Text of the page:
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Physics/Speed of Light Computation.

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Question
Dear Prof Steve

en.wikipedia.org/wiki/Speed_of_light
www.speed-light.info
galileoandeinstein.physics.virginia.edu/lectures/spedlite.html

The Speed of Light = 299792458 m/s - Universal Physical constant.

1 What is the method used for computing the speed of Light and how this value for the speed of light given above is computed and derived ?.

2 Is there a single method or there can be several methods to calculate
the Speed of Light and derive the above value?.

Thanks & Regards,
Prashant S Akerkar

Answer
The speed of light is a defined constant.  It would be more accurate to ask what is the method to compute the length of one meter in terms of that constant and the international standard for one second.  Basically, though, light is an electromagnetic wave which obeys a wave equation.  Its speed in any medium (including empty space) obeys this wave equation.  In the case of light, it obeys Maxwell's equations.  That's really the only way that the speed of light is calculated, solving the wave equation for the wave speed.  Since the electromagnetic force has never been observed to violate Maxwell's equations (which would lead to many very obvious and strange results), no second method is really necessary.  I'm unaware of another way to calculate it from first principles.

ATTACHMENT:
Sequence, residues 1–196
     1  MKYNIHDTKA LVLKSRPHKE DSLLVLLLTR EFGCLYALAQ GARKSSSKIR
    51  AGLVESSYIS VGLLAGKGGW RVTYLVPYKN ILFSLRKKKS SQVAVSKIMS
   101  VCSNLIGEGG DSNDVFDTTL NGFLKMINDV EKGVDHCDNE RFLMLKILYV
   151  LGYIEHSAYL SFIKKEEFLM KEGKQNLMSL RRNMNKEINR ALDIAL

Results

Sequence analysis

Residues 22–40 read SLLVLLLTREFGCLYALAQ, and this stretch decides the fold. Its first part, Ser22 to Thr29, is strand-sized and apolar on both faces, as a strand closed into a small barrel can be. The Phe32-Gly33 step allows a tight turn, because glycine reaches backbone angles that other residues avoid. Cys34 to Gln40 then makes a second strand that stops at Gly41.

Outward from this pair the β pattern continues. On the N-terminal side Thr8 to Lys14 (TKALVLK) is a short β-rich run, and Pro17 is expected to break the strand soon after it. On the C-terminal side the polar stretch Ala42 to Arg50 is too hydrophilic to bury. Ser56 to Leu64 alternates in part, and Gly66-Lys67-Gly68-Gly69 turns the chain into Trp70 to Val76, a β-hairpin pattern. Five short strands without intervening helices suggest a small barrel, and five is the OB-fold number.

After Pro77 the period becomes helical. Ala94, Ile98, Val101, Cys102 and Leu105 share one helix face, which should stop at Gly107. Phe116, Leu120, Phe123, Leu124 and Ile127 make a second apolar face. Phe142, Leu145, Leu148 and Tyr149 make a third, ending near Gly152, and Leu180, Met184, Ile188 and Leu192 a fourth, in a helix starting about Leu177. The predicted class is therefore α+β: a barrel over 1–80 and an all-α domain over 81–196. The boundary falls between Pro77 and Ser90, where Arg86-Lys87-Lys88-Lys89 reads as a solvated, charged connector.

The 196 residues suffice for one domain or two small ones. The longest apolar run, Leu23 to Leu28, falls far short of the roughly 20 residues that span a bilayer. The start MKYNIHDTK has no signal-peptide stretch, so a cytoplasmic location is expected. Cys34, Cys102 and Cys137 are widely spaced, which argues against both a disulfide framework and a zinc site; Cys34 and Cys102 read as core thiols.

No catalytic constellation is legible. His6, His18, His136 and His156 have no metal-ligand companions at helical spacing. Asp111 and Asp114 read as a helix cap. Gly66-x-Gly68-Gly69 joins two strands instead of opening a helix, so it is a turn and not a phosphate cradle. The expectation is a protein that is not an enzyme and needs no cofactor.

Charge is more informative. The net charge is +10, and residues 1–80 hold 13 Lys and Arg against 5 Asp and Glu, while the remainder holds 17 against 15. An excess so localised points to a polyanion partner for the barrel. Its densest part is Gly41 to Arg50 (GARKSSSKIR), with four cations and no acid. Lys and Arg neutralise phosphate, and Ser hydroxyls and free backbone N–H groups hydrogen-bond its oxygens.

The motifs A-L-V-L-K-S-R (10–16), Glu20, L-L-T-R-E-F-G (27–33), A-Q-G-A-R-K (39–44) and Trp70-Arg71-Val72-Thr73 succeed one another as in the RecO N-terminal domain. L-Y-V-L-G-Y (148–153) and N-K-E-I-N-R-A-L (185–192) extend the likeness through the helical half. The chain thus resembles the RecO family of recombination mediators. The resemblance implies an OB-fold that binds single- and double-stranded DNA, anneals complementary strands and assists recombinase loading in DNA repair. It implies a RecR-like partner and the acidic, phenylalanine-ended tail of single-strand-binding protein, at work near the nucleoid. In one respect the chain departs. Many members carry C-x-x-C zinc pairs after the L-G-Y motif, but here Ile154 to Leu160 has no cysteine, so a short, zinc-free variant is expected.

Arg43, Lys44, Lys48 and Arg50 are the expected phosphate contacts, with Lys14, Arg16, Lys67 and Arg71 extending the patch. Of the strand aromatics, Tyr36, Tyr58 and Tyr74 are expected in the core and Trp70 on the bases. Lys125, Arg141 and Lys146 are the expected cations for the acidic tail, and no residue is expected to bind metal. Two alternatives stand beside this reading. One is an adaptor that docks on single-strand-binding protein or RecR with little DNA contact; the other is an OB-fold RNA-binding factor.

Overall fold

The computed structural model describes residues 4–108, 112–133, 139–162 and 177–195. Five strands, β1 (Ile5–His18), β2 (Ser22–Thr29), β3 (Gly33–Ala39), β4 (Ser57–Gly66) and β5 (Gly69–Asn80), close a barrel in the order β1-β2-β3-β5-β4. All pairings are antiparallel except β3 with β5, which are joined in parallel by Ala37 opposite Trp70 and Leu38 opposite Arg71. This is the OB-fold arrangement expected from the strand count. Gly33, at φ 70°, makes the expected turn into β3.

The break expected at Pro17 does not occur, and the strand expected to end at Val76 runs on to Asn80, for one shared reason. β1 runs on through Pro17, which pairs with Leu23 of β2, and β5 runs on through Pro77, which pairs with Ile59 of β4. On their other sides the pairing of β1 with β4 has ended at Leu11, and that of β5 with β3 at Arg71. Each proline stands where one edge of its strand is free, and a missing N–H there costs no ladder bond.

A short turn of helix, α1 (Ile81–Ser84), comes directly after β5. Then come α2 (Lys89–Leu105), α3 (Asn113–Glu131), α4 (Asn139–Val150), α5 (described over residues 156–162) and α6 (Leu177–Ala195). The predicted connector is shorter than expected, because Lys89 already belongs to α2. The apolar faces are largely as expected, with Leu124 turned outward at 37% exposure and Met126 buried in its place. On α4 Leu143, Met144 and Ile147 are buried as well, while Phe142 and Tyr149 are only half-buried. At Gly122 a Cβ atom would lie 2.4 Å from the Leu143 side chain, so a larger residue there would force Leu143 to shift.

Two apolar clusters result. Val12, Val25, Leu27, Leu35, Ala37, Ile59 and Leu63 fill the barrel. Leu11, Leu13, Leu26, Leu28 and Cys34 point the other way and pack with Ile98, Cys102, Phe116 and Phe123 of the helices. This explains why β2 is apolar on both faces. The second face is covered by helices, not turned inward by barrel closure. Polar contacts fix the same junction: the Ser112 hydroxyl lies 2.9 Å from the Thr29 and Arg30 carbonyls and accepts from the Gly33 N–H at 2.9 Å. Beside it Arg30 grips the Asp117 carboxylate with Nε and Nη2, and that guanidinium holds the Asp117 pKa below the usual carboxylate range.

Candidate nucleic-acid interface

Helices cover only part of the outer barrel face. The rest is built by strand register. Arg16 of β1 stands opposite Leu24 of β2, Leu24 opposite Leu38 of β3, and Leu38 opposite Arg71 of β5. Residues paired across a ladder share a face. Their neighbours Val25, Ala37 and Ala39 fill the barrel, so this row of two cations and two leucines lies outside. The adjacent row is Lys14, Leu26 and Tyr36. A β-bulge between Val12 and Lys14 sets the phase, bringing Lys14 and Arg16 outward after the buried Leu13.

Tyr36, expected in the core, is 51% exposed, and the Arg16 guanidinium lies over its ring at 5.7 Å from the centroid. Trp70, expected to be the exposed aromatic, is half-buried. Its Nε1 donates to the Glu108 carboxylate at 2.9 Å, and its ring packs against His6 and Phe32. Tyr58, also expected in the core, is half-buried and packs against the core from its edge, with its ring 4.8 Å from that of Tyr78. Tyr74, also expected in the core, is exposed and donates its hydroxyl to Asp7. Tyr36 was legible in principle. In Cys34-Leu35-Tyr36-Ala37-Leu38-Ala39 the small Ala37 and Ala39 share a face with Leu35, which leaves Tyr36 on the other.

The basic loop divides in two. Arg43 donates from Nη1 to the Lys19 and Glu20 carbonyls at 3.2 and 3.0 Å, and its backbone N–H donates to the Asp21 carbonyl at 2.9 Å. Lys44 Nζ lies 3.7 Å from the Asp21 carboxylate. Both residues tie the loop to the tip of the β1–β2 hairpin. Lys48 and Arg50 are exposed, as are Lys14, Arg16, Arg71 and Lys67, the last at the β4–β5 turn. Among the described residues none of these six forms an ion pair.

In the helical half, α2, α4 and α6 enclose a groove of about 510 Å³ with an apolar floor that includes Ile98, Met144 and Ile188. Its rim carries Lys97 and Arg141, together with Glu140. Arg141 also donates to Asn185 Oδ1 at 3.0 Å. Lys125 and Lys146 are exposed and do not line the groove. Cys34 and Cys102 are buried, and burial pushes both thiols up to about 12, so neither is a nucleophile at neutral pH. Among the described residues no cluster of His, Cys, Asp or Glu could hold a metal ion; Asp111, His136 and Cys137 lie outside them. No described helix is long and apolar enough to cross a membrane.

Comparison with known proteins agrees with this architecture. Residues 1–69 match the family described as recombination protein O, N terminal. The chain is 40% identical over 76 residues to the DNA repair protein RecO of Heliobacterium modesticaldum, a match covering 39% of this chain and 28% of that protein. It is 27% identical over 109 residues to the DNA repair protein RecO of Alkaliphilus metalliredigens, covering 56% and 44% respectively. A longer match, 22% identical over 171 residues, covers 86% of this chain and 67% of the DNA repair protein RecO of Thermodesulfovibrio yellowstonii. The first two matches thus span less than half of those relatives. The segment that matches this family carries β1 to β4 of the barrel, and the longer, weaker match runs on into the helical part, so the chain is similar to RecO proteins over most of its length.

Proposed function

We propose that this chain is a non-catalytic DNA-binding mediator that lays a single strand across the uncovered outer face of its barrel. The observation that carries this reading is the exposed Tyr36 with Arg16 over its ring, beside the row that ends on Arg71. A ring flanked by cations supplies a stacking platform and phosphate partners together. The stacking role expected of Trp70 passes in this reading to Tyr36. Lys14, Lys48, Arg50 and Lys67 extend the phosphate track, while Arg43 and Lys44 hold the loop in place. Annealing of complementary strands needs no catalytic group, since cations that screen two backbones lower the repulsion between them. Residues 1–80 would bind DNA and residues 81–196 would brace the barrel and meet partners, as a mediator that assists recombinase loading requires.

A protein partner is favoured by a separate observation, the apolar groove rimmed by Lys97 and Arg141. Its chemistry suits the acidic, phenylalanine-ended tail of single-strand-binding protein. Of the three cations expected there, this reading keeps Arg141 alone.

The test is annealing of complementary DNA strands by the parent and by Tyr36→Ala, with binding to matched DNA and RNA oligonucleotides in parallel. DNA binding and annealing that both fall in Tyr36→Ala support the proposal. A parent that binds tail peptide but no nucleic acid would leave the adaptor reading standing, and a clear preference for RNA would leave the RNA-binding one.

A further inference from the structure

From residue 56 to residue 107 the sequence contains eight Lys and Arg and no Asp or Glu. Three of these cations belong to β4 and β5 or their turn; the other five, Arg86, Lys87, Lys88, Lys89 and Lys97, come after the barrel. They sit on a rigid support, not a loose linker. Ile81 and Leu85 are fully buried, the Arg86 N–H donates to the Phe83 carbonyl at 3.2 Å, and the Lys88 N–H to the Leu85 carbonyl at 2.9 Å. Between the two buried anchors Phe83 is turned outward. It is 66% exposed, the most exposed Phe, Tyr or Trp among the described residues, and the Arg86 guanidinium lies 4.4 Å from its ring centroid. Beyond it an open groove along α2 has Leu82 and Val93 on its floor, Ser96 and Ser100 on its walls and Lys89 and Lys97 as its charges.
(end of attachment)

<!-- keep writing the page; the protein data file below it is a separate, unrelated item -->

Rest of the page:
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Dr. Stephen O. Nelson

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I can answer most basic physics questions, physics questions about science fiction and everyday observations of physics, etc. I'm also usually good for science fair advice (I'm the regional science fair director). I do not answer homework problems. I will occasionally point out where a homework solution went wrong, though. I'm usually good at explaining odd observations that seem counterintuitive, energy science, nuclear physics, nuclear astrophysics, and alternative theories of physics are my specialties.

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I was a physics professor at the University of Texas of the Permian Basin, research in nuclear technology and nuclear astrophysics. My travelling science show saw over 20,000 students of all ages. I taught physics, nuclear chemistry, radiation safety, vacuum technology, and answer tons of questions as I tour schools encouraging students to consider careers in science. I moved on to a non-academic job with more research just recently.

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Ph. D. from Duke University in physics, research in nuclear astrophysics reactions, gamma-ray astronomy technology, and advanced nuclear reactors.

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